I know what you’re thinking. You think that this is going to be one long tirade about how our world is becoming like the one Ray Bradbury depicts in Fahrenheit 451. Well, sorry (not sorry), to disappoint you, but I’m not going there. (You can already find plenty that on social media.)
It might seem like an oxymoron to refer to a book like Fahrenheit 451 as an “optimistic dystopia,” and, to be fair to those who think so, they’re correct—there’s an innate contradiction at the heart of the phrase. Dystopias, by their very nature, are supposed to be depictions of society at its bleakest. We don’t expect them to give readers any sense of optimism; if anything, their purpose is to scare us into correcting our current course and to aim for something better.
Greetings fellow travelers! Join Alice and I in welcoming back Szeth to the pages of the Stormlight Archive! It’s been a long time since we’ve seen him (last time was in Edgedancer) and he’s definitely found himself in unusual surroundings, having fallen in with the Skybreakers. And speaking of unusual surroundings, Kaladin and company are still trapped in Shadesmar. Let’s check in with them and see how everyone’s favorite bridgeboy is doing, shall we?
Series: Oathbringer Reread
You can tell an epic story at any length; sometimes a standalone fantasy can traverse just as much narrative space as an entire trilogy. But when it comes to fantasy worlds that we can explore every inch of, we are particularly fond of series with nine books or more. Yep, you heard us: we want trilogies upon trilogies (with the occasional side duology/quartet) in our favorite long-running SFF series. From alternate histories to fantasy that slowly becomes science fiction, from lady knights to more than a few telepathic dragons, from sagas that span one generation to multiple centuries, these series are so expansive and immersive that reading them feels not just like visiting a new world, but like coming home.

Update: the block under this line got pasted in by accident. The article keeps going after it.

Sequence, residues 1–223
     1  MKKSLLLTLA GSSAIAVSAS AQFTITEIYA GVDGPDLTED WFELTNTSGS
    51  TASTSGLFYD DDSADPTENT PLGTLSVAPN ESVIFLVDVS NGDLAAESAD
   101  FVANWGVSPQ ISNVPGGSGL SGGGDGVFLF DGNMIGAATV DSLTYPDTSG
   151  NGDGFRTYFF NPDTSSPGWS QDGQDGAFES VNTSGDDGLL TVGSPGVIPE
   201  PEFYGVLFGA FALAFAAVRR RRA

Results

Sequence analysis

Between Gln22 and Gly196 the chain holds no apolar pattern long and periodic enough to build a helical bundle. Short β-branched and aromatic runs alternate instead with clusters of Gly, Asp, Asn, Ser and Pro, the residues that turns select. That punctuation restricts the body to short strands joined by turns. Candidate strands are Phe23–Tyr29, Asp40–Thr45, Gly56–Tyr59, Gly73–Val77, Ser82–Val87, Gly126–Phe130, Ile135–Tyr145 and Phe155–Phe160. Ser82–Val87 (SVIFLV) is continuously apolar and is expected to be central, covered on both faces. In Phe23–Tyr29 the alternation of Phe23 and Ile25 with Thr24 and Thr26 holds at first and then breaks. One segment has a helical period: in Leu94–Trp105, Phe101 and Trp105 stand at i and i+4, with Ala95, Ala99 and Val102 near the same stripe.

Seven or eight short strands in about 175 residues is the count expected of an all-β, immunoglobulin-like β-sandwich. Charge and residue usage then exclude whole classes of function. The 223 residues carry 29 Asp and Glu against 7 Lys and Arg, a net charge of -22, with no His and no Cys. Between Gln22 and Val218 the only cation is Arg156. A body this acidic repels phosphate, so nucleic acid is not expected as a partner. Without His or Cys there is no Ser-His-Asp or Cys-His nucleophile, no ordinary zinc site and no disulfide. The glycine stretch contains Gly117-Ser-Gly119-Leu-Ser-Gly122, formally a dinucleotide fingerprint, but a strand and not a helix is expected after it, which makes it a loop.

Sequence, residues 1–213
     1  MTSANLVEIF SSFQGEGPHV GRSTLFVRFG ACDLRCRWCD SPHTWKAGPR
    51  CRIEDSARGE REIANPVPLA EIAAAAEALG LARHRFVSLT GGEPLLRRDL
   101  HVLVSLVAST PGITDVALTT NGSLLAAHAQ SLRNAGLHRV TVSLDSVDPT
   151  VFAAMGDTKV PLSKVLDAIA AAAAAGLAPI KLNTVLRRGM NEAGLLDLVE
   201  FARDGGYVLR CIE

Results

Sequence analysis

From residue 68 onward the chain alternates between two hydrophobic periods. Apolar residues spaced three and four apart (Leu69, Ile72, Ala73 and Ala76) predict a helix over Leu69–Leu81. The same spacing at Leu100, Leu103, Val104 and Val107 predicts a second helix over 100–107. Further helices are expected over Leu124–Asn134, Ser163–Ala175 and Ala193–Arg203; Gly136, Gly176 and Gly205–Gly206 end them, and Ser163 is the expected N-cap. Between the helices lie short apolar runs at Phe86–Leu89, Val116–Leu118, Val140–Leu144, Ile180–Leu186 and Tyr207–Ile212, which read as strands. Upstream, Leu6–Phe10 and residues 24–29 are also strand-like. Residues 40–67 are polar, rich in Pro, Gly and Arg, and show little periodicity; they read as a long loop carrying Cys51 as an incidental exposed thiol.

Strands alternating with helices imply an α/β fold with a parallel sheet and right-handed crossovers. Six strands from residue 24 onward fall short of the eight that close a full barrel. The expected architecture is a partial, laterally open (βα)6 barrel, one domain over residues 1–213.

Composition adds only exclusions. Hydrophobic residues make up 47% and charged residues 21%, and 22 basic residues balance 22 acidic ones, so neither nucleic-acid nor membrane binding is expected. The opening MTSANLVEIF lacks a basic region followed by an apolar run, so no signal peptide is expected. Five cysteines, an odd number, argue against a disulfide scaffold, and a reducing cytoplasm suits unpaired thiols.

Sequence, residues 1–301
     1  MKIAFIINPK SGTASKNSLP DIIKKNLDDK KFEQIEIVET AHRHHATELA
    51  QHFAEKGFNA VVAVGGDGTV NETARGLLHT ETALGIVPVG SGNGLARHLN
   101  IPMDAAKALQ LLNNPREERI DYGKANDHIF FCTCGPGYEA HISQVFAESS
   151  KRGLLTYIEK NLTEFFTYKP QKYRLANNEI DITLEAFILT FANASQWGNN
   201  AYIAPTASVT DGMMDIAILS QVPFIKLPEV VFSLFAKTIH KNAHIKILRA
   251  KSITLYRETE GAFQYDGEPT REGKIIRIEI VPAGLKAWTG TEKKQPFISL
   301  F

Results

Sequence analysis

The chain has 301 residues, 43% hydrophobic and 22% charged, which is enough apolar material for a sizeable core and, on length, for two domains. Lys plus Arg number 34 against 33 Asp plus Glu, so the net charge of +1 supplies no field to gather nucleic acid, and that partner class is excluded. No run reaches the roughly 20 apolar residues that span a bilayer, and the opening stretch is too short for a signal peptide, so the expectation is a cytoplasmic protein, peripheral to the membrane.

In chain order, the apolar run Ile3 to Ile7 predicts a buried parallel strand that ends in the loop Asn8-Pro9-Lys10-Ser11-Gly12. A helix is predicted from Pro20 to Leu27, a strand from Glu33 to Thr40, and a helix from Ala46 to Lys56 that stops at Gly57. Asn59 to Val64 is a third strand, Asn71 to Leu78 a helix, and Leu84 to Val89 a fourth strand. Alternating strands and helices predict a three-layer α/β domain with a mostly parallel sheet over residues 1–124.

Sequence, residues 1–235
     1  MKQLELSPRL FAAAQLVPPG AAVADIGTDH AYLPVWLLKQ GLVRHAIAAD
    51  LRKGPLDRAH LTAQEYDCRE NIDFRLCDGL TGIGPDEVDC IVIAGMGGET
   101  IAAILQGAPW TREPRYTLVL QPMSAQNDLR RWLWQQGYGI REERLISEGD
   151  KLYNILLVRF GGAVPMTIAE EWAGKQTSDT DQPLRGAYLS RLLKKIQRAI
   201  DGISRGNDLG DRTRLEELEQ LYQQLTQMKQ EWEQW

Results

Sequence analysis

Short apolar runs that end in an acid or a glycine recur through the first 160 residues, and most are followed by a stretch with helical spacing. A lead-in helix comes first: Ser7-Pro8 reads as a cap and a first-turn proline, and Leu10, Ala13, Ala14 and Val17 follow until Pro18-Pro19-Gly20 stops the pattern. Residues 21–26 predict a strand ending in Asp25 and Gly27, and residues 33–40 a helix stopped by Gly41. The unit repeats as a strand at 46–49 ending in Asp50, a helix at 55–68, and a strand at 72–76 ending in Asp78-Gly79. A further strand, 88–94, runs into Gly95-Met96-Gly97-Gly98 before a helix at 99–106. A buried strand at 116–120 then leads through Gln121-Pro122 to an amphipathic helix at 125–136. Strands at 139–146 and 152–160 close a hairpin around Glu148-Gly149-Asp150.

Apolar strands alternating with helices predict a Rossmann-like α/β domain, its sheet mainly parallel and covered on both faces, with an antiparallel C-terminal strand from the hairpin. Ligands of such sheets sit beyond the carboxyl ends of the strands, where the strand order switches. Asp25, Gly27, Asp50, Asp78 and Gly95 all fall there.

Books have always been a refuge for me. Not a unique sentiment but a profoundly true one for me. Growing up largely in South-East Asia and moving between various countries in that region with the odd years back in the United States; I quickly learned that no matter where I ended up as long as I had a good book with me, I’d be alright. That carried over into my adult life where pretty much every job I’ve held has been with books. In the fall of 2017, I started as a bookseller at Bookmarks in Winston-Salem, NC and count myself truly lucky to have ended up here.
Yesterday, fandom was rocked by the devastating news that Spider-Man has been exiled from the Marvel Cinematic Universe because of a failed deal between Sony and Disney. (At least for now–negotiations aren’t completely dead and this could just be a power play to make one side give in.) Fingers were pointed, jimmies were rustled, and as the implications set in (Will Spider-Man have to be recast yet again? How many times are they going to make Uncle Ben die? How DARE they? etc.), social media exploded with calls to #SaveSpidey.
(Possible spoilers for Avengers: Endgame and Spider-Man: Far From Home, so click at your own peril.)